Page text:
THE intolerant Left was at it again on Wednesday, this time at the taxpayer-subsidised University of Sydney where a group of demonstrators attempted to disrupt a lunchtime lecture by Richard Kemp on ethical dilemmas of military tactics.
Kemp, a retired British military officer and security consultant, is a former commander of British armed forces in Iraq and Afghanistan. He was the subject of a tough but fair interview by Fran Kelly on Radio National Breakfast on Wednesday before proceeding to Sydney University for a public event hosted by a couple of academics.
During his Radio National interview, Kemp supported the tactics used by the Israel Defence Forces in its recent war with Hamas-led Gaza.
Kemp’s point was that, by placing its rocket launchers and building its attack tunnels in heavily populated areas, Hamas essentially used the citizens of Gaza as human shields. Consequently, the legitimate actions of the IDF, in stopping the rockets and destroying the attack tunnels, inevitably would have the unintended consequence of killing and injuring civilians.
This was a tough-minded but valid point. No democratically elected government — whether based in London, Paris, Washington or Canberra — would do nothing while a declared enemy across a border fired rockets and planned military raids aimed at killing and kidnapping. Why should the democratically elected leaders of Israel be expected to act differently?
According to the report by Glen Falkenstein on the J-Wire website, Kemp had covered only non-state militant groups in Ireland and Afghanistan when a small group of demonstrators entered the lecture theatre. As is common with the extremes of Left and Right, demonstrators prefer slogans to argument. So this lot chanted in unison: “Richard Kemp / You can’t hide / You support genocide.”
Of course, Kemp has never advocated genocide. And he was not trying to hide. To the radical Left, however, such facts are of no moment. After all, “hide” rhymes with “genocide” and there was a lecture to disrupt.
A demonstrator, equipped with a megaphone, drowned out Kemp and the academic moderator.
Enter Jake Lynch, director of Sydney University’s Centre for Peace and Conflict Studies. He happens to be one of the leading activists in the Australian chapter of the boycott, divestment and sanctions campaign aimed at disabling the Israeli economy. Lynch was present in the audience when the attempted disruption began.
On Thursday, I engaged in correspondence with Lynch and he provided me with some brief iPhone videos of the occasion, which he had filmed. The footage indicates that protesters physically resisted attempts by security to remove them.
Lynch’s iPhone video indicates that a middle-aged woman threw water at some demonstrators. A still photo of the occasion shows Lynch thrusting a $5 note in the face of a person he called the “older lady”.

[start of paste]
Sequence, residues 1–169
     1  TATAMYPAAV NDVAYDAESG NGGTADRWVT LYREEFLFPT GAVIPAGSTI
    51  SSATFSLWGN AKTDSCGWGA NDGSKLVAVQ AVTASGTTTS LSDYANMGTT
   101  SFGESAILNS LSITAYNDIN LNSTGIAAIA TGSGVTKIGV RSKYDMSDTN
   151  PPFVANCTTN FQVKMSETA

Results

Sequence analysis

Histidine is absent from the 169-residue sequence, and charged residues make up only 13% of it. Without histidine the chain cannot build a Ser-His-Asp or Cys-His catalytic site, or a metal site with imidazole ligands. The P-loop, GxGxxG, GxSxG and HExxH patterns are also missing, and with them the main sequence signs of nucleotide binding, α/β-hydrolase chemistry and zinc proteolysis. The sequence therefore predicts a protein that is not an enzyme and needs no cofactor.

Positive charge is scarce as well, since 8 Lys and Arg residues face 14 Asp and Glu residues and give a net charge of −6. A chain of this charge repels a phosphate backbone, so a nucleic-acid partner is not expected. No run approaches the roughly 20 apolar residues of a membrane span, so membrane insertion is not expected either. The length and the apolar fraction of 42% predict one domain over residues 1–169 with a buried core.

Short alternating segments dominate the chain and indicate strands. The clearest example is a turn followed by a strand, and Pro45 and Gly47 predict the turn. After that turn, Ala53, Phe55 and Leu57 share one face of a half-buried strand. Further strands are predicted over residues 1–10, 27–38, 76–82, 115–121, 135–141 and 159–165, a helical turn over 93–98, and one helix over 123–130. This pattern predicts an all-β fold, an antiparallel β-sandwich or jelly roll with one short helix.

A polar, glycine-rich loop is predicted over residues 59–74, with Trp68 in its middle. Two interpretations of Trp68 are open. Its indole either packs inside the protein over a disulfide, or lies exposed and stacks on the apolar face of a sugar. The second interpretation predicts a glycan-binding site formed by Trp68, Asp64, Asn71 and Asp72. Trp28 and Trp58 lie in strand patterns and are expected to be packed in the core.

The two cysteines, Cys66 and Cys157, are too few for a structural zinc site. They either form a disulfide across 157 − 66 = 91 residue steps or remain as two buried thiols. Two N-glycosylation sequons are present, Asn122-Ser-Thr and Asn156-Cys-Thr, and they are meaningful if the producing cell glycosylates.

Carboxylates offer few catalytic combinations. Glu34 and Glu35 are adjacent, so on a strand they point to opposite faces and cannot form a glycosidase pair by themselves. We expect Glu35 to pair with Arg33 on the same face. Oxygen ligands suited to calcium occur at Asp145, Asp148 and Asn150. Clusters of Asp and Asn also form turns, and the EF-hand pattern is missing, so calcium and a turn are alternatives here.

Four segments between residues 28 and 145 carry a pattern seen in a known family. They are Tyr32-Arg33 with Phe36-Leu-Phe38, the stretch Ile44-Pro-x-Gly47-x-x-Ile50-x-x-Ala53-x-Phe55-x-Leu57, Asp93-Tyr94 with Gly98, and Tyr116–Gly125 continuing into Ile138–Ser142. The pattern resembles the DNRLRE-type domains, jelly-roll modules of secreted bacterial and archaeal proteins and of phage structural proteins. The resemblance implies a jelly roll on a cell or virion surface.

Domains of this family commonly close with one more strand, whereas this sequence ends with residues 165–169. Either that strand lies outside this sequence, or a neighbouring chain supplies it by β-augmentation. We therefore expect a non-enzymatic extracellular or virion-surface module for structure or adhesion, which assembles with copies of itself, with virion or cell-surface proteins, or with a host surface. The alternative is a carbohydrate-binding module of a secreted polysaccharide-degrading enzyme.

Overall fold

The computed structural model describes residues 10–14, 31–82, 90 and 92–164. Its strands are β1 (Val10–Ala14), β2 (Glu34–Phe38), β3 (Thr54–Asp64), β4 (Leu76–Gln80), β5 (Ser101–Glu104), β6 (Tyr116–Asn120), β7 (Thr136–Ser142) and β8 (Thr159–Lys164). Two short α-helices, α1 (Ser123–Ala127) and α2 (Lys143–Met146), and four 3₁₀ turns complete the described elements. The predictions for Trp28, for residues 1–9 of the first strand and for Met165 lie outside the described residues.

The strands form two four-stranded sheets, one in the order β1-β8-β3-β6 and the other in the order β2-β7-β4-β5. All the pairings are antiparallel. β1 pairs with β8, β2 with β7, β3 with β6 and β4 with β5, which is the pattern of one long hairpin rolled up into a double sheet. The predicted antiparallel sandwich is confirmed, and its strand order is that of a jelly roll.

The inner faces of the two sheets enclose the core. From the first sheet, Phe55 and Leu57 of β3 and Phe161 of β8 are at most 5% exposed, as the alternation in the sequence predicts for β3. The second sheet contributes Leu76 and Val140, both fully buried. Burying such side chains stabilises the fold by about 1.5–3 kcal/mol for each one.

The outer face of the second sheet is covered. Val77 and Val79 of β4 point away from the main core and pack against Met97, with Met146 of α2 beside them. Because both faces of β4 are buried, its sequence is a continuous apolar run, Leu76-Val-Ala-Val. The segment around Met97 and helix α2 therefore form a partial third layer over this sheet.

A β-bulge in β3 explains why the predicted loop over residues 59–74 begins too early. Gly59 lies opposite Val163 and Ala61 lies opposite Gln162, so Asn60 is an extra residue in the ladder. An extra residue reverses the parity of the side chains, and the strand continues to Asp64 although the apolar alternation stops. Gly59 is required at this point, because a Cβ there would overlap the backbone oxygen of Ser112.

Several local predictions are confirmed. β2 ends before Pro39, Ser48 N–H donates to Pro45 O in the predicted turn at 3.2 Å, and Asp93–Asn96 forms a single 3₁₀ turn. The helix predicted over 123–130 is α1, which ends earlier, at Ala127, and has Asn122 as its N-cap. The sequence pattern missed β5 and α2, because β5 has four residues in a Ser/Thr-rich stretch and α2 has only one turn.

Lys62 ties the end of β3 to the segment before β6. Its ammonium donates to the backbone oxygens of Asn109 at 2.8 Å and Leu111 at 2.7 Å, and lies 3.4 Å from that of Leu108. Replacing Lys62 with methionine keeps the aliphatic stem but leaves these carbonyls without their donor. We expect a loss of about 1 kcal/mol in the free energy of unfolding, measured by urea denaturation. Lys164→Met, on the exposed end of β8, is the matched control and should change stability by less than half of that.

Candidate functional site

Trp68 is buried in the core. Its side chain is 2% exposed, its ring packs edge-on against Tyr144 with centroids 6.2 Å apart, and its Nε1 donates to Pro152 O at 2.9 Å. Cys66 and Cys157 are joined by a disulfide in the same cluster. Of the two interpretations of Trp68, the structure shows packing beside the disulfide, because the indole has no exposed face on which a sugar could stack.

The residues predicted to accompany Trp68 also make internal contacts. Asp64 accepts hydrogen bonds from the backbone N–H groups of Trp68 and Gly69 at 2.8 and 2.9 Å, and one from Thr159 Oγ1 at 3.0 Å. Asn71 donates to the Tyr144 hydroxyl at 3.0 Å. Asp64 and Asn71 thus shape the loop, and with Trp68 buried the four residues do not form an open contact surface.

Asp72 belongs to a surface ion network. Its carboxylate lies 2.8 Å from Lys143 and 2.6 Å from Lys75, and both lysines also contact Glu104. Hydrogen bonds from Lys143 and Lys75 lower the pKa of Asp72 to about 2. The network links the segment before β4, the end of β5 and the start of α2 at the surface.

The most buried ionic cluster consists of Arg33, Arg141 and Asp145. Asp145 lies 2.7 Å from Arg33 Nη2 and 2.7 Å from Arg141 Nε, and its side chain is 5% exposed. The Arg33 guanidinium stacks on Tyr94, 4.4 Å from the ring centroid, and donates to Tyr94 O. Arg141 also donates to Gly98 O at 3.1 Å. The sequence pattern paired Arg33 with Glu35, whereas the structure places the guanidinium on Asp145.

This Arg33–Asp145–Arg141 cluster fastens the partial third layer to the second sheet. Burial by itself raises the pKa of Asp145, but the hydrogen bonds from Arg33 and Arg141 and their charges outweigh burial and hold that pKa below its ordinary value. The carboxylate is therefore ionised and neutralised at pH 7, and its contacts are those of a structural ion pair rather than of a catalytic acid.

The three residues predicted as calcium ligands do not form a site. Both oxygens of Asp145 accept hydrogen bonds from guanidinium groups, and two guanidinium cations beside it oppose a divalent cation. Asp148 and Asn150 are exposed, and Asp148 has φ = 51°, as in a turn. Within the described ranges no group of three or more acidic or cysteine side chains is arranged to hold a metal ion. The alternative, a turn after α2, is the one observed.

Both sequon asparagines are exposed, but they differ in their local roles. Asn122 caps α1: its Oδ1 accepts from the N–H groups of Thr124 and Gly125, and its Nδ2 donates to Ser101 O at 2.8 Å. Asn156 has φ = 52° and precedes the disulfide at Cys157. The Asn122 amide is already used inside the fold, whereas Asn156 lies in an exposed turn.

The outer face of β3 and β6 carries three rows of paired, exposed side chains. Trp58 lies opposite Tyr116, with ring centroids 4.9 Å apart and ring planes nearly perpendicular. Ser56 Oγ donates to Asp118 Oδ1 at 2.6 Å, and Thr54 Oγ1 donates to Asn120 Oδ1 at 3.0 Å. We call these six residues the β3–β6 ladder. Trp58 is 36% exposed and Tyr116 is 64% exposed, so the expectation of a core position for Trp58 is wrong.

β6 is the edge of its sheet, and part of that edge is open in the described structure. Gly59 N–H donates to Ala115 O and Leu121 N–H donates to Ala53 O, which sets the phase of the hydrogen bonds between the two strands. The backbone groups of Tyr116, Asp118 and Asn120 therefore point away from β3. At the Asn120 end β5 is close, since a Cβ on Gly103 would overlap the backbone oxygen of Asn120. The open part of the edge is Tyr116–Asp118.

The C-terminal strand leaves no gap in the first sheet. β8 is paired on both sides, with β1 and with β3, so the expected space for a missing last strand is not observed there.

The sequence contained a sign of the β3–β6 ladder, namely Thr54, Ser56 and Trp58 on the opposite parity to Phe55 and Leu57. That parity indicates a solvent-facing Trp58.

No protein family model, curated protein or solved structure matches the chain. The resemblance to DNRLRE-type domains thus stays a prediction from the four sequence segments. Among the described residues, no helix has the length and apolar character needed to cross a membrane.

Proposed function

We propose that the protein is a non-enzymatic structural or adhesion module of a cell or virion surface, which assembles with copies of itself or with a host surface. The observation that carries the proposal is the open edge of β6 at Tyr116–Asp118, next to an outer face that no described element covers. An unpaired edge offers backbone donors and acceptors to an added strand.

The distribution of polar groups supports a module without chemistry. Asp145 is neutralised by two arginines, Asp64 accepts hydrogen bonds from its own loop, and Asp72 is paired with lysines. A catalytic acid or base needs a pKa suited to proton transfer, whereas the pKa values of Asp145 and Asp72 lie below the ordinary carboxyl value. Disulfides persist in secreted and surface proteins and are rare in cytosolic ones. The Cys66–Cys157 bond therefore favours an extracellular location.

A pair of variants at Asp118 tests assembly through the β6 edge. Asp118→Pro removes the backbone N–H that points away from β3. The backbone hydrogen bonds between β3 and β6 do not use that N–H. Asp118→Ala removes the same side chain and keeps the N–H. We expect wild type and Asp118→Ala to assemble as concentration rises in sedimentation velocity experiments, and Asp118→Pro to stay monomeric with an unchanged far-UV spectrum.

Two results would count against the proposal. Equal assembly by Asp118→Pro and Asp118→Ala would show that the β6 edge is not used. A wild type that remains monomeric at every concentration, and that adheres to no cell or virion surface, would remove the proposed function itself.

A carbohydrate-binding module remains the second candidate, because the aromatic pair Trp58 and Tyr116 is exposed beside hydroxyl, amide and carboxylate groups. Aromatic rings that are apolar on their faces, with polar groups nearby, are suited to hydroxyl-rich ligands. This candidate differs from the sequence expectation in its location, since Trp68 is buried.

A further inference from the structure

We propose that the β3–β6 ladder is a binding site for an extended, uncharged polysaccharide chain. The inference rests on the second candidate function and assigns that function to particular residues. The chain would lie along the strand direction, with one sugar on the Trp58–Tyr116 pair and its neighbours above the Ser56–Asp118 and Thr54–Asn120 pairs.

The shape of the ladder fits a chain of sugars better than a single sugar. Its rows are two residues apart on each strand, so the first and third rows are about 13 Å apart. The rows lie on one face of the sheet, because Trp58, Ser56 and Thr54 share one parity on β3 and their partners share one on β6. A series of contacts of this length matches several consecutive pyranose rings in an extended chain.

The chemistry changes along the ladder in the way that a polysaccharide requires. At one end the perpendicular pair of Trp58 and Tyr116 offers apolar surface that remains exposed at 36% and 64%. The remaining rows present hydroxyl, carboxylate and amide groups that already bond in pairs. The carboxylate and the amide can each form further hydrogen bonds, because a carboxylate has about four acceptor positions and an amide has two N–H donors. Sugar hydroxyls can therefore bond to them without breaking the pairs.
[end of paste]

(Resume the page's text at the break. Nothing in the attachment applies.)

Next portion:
Lynch advised me that he did this to warn the woman in question that he “would have no option but to sue her for assault if she carried on — which would cost her a lot of money”.
This seems highly unprofessional behaviour on the part of one of Sydney University’s associate professors with respect to a member of the public visiting the campus.
You wonder what the vice-chancellor thinks about such action on the part of one of his senior academics.
In the event, Lynch’s legal threat was of no moment.
As Lynch conceded in his correspondence with me, he “emerged without injury” from the occasion.
But not without involvement. Lynch did not object to the attempt by the left-wing radicals to disrupt Kemp’s address.
In Lynch’s words: “I took a seat at the meeting, and left it only to remonstrate with University security guards when they used force to eject the demonstrators.”
In other words, Lynch’s position is that the demonstrators should have been allowed to prevent Kemp from speaking. According to Lynch, “The security guards’ sole remit in such circumstances should be to prevent harm being done.”
I asked Lynch whether he would accept protesters attempting to disrupt speeches at his Centre for Peace and Conflict Studies by opponents of Israel such as John Pilger and Hanan Ashrawi.
His response was the familiar “that’s different” argument.
Lynch wrote to me as follows: “I would dispute the parallel with John Pilger or Hanan Ashrawi. I have never heard either of them deliver a speech that was disingenuous or deceitful in the way of the remarks by Colonel Kemp.”
This rationalisation of intolerance overlooks the fact Kemp’s speech was disrupted before he even discussed Israel or the Hamas Islamists who run Gaza.
Lynch uses his influence to run campaigns against Israel. He is the poster-boy for the Left’s dominance of so many social science departments at so many Australian universities.
Born in 1965 to members of the British Communist Party, Lynch joined the Campaign for Nuclear Disarmament when the middle-class radicals who comprised the CND believed the West should disarm.
This would have left the communist dictatorship in Moscow victorious in the Cold War.
As Lynch revealed in an ABC Classic FM interview with Margaret Throsby in April 2009, he criticises all Western leaders, but always from the Left. His targets include Barack Obama, Gordon Brown and Kevin Rudd, in addition to political conservatives.
The evidence suggests that what takes place at Lynch’s centre is little more than a left-wing stack. He believes that anti-Israel demonstrators have a right to disrupt lectures provided no physical harm is caused, but does not advocate such behaviour for his own functions.
This is a manifestation of what left-wing Marxist philosopher Herbert Marcuse once advocated. Marcuse called for tolerance for the Left but “intolerance towards the self-styled conservatives”.
It’s unlikely that the student demonstrators today have heard of Marcuse, but they practise his teachings, nevertheless.